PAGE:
The Long-Term Equity Strategy (LTES) team is positioned to invest by means of public equity in solutions for the four sustainability themes: climate change, pollution and emissions; water scarcity; food security and health care. Their investment universe is put together based on impact criteria. That means that the universe could include businesses whose ESG risks do not weigh up against the impact. It is therefore part of the assignment to screen businesses for ESG risks as part of the equities selection process. First, during their due diligence, an in-depth ESG analysis is carried out on a broad range of topics to chart out ESG risks related to the business. The analysis includes an assessment of the existing ESG policy, the reporting and management system, as well as research using independent external sources on the company’s ESG performance. The team uses external data sources such as the Internet, annual reports and specialist databases like Sustainalytics B.V. and MSCI ESG Manager. LTES also explicitly examines the outstanding controversies relating to every business. All these data are weighed in the investment case for the company. They also engage in dialogue with the management of the companies in which PGGM invests. The ultimate result of the ESG analysis constitutes an integral part of the investment case. If portfolio companies are associated with material ESG issues, they try to contact the executive management to encourage risk management and process improvements. They try to exert influence and move the company in the direction of the best practices and international standards that apply for the sector. In a number of cases, our ESG analysis resulted in a company not being included in the portfolio.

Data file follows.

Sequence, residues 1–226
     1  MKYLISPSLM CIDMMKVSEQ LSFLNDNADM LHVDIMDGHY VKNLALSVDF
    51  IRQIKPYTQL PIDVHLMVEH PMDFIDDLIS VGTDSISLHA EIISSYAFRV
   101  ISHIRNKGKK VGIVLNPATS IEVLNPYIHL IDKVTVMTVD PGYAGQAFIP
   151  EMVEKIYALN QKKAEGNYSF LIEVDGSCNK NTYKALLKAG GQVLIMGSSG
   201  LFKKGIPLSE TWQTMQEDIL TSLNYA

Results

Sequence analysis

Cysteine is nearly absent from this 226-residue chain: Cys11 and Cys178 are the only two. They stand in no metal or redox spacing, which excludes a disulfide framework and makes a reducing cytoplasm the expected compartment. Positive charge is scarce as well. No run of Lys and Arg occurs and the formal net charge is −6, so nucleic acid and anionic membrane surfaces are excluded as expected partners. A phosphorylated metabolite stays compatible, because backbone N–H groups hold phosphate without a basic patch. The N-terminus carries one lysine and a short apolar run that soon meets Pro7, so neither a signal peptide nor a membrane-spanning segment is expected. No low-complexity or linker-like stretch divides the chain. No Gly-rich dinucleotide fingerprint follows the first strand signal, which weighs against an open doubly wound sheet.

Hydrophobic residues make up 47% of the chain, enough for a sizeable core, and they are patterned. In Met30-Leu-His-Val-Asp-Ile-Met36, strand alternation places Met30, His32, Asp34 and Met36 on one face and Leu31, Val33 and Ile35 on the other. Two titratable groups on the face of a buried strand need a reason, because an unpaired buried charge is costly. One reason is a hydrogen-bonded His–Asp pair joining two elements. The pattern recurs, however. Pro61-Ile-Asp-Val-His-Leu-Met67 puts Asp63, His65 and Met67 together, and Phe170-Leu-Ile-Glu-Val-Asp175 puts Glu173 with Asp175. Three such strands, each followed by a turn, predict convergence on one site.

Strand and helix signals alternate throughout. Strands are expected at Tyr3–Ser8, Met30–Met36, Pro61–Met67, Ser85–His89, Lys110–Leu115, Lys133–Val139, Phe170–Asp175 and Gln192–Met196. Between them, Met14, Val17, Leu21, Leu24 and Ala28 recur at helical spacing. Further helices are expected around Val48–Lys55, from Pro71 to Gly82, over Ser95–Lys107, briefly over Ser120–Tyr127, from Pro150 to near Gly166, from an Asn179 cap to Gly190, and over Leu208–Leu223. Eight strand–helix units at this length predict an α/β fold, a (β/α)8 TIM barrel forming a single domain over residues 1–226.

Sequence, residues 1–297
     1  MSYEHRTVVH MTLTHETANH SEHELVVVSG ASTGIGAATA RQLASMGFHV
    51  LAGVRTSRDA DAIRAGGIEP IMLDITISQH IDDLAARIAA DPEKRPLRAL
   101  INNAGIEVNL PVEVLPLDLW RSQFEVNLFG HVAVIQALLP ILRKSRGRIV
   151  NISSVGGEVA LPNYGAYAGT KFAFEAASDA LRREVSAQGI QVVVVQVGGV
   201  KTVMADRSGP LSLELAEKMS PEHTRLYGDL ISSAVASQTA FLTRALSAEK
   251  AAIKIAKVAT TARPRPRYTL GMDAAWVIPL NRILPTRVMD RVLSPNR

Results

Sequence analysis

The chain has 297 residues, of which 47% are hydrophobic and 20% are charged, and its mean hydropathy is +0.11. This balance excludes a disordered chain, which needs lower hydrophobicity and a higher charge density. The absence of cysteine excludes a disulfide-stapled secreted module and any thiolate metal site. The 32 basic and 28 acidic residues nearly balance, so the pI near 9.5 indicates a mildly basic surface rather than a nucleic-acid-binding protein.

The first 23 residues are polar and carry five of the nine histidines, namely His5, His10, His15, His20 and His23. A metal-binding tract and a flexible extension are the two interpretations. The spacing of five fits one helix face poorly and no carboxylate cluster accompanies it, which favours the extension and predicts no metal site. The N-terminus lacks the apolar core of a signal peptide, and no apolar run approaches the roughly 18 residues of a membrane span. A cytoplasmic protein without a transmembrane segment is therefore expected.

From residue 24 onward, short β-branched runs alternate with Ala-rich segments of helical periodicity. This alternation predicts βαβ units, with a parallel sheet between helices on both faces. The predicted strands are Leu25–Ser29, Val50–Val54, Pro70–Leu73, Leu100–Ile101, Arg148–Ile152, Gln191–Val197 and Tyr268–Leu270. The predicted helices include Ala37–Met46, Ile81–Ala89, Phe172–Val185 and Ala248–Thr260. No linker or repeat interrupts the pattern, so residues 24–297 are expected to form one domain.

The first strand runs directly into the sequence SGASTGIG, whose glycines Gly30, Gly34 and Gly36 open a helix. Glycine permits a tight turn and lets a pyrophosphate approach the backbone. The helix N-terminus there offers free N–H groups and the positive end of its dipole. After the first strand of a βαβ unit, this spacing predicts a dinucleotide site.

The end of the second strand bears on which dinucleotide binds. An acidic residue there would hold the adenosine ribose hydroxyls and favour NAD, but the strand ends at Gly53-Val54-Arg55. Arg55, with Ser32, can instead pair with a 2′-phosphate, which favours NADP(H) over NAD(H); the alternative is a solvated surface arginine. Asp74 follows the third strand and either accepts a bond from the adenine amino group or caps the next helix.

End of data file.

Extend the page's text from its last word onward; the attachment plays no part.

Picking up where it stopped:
Bottom-up ESG integration: Private Equity
Within the Private Equity team, ESG criteria are integrated in the entire investment process. This starts already with the assessment of our investment partners. The PGGM Private Equity team not only wants good returns, it also demands ESG performance from the general partner. PGGM only selects funds with whom agreement is reached on ESG standards. This is important because the private equity parties we work with are responsible for managing ESG issues. The team assesses how they deal with ESG in their investment process by means of our ESG framework. Among other things, data about country and sector risks are examined and these are compared with the general partner’s ESG scores produced on the basis of PGGM’s own assessment. This is then used as a basis to identify the investment partners with whom to enter into dialogue. Incidents, such as accidents involving serious physical injury, major environmental incidents and the legally established misappropriation of funds, are also recorded and discussed. The analysis based on our ESG framework provides a good structure in which to engage in dialogue with our partners on how they set up their process. It is also an instrument for getting a view of which partners are lagging behind and enables us to chart out whether the investment partners’ portfolios involve high ESG risks.
Our investment teams have elaborated their own guidelines for responsible investment and published these on the PGGM website. See the website for more details on how they integrate ESG factors.